No, they don't. Anyone even superficially familiar with the mathematics of sets would immediately realize that {{},{}} does not refer to a set of two empty sets. By the classic definition (Cantor), every element in a set must be unique, so a set does not contain two identical elements.

    Zachriel's notation {{},{}} refers to a set that consists of two distinct sets. If it helps you, think of two sets A = {a1, a2, ...} and B = {b1, b2, ...} whose members are distinct, that is no member of set A belongs to set B. His notation {{{},{}},{}} refers to a set {{A,B},C}, where C is another set with distinct members.

    Can you see that?

    ReplyDelete
  179. This comment has been removed by the author.

    ReplyDelete
  180. olegt,

    There isn't anything in Zachriel's sets- nothing at all.

    Zachriel's use is incorrect.

    That you would try to defend him just exposes your agenda.

    It is not up to me to imagine what might be in tose sets.

    As for distinct sets- how are they distinct? What makes them distinct?

    Ya see ole ignorant one my claim is that nested hierarchies are constructed based on characteristics.

    Zachriel is the only person I know of who disagrees with that.

    Do you agree with Zachriel?

    If so then please produce a nested hierarchy not based on characteristics.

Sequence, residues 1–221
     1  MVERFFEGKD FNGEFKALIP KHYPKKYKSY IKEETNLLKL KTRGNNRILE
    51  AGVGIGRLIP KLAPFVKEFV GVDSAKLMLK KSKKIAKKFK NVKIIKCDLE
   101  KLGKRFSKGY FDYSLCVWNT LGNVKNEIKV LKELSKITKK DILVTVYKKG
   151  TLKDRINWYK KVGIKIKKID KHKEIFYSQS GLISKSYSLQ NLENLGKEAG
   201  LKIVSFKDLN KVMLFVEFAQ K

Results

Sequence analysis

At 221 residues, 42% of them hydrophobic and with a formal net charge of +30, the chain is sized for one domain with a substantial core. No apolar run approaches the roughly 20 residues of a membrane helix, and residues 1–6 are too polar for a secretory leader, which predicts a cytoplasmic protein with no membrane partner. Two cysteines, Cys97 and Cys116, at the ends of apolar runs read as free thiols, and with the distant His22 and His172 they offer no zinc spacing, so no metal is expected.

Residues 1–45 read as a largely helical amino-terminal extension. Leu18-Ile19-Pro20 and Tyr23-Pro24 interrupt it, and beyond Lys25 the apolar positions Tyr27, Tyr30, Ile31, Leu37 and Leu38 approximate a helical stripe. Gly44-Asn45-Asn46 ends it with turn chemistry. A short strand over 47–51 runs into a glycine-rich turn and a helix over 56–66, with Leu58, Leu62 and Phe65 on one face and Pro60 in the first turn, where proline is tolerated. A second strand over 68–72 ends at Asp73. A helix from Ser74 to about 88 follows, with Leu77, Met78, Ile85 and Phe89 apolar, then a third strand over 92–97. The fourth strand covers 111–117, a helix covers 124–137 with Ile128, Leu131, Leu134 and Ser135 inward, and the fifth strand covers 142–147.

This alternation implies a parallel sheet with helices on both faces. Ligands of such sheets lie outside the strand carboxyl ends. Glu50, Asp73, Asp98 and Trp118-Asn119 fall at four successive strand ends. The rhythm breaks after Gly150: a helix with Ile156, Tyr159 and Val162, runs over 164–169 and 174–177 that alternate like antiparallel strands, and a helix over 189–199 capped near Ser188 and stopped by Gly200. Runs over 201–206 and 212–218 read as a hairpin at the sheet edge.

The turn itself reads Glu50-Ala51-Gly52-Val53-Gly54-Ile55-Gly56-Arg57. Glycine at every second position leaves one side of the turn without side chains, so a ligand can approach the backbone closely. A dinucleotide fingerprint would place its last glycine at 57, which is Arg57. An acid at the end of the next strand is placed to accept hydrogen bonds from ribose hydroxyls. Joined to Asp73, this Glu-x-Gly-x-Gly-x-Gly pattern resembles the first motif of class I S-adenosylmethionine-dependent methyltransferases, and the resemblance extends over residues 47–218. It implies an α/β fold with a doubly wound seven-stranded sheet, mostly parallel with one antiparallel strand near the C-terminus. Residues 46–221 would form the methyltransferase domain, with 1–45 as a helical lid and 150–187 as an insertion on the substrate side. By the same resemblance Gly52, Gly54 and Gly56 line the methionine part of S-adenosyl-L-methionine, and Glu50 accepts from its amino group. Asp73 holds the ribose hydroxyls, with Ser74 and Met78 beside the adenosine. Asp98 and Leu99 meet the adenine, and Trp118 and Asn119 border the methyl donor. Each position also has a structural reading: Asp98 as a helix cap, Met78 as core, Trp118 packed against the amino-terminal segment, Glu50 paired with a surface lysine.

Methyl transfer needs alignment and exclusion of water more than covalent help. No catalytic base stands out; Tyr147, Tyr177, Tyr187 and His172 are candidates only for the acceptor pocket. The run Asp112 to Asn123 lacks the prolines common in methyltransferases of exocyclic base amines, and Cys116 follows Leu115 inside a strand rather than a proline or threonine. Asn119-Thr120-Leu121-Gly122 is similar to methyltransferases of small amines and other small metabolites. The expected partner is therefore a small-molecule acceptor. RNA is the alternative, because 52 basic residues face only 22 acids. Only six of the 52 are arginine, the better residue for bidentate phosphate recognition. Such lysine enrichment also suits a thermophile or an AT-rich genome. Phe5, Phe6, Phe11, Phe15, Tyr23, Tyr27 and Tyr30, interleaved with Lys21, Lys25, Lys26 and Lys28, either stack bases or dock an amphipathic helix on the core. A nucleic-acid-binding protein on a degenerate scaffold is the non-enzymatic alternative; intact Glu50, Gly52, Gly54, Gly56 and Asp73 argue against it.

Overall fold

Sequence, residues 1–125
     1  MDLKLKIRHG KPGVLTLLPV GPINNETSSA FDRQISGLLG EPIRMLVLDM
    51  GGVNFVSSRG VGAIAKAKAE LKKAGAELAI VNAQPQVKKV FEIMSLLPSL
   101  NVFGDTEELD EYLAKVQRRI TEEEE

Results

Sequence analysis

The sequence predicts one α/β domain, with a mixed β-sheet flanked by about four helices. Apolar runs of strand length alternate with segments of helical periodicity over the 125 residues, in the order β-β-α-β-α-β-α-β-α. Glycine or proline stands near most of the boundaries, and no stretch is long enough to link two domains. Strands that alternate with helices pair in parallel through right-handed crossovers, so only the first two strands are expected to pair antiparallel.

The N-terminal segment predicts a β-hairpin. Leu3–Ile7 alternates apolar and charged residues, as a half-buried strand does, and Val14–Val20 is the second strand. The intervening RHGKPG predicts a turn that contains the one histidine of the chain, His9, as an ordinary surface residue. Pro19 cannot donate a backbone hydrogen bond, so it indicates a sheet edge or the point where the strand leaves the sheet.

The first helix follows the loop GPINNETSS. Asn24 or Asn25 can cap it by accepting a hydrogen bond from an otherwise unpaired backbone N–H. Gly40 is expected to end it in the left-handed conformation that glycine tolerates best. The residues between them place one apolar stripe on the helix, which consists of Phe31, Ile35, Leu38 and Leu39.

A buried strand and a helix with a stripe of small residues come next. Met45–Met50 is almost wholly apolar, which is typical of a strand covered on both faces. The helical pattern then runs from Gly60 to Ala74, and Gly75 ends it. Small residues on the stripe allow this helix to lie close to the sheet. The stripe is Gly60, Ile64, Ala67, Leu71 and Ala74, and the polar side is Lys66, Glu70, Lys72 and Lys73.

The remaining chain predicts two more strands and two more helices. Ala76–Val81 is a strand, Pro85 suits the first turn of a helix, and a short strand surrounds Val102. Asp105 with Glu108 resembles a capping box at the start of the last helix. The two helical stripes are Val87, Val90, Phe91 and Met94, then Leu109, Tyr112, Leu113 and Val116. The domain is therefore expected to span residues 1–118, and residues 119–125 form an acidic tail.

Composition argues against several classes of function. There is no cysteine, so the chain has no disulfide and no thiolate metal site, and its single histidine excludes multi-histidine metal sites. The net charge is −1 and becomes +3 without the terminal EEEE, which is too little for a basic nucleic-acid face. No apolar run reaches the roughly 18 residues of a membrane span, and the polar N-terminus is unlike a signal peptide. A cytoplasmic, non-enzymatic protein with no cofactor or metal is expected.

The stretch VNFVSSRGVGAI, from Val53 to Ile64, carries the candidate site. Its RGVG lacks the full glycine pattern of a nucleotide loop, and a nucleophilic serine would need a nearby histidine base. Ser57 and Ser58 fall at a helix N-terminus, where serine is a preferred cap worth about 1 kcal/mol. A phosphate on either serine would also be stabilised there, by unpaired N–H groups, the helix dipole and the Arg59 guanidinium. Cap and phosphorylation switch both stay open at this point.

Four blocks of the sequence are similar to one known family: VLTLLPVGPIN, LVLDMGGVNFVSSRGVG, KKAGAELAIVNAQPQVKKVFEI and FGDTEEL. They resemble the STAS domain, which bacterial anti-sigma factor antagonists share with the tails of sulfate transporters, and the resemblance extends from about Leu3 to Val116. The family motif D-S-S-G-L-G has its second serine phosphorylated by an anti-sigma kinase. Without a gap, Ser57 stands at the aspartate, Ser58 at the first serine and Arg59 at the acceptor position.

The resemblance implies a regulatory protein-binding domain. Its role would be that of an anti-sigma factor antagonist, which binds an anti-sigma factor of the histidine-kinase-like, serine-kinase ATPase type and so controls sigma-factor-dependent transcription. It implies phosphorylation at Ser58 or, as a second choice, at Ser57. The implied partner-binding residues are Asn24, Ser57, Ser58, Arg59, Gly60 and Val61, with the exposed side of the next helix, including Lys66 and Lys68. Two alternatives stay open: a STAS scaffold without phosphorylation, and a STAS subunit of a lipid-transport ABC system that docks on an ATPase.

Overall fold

ReplyDelete
  181. Joe G: And an empty set can only be represented as {}, ∅ or {{}}.

    No, Joe G. {{}} is not an empty set. It has one element.

    Joe G: True- it is not a nestedd hierarchy nor is it a valid construction of empty sets.

    This particular set has a name in the standard construction of the natural numbers: {{ }, {{ }}}. It's name is "2".

    Joe G: And for clarification I have sent your "example" to some experts who think you are off your rocker.

    Great! We can be sure that Cornelius Hunter would welcome their participation on this forum.

    ReplyDelete
  182. olegt:
    Anyone even superficially familiar with the mathematics of sets would immediately realize that {{},{}} does not refer to a set of two empty sets.

    Unless the person who posted the [[],[]], is a complete dolt, like Zachriel...

    ReplyDelete
  183. Zachriel:
    No, Joe G. {{}} is not an empty set. It has one element.

    It is the power set of an empty set.

    An empty set ={}

    A power set is just a representation of the set.

    And no the experts have better things to do than to deal with your ignorance.

    ReplyDelete
  184. Zachriel: It's like talking about the number 2, while you keep insisting two of what? Apples? The number of things in Sam of Ballyvourney's pocket?

    Let's try filling in the blanks with things chosen haphazardly from a list.

    {apple}, {{ball, sand}, {knife, {box, grass}}}}

    ReplyDelete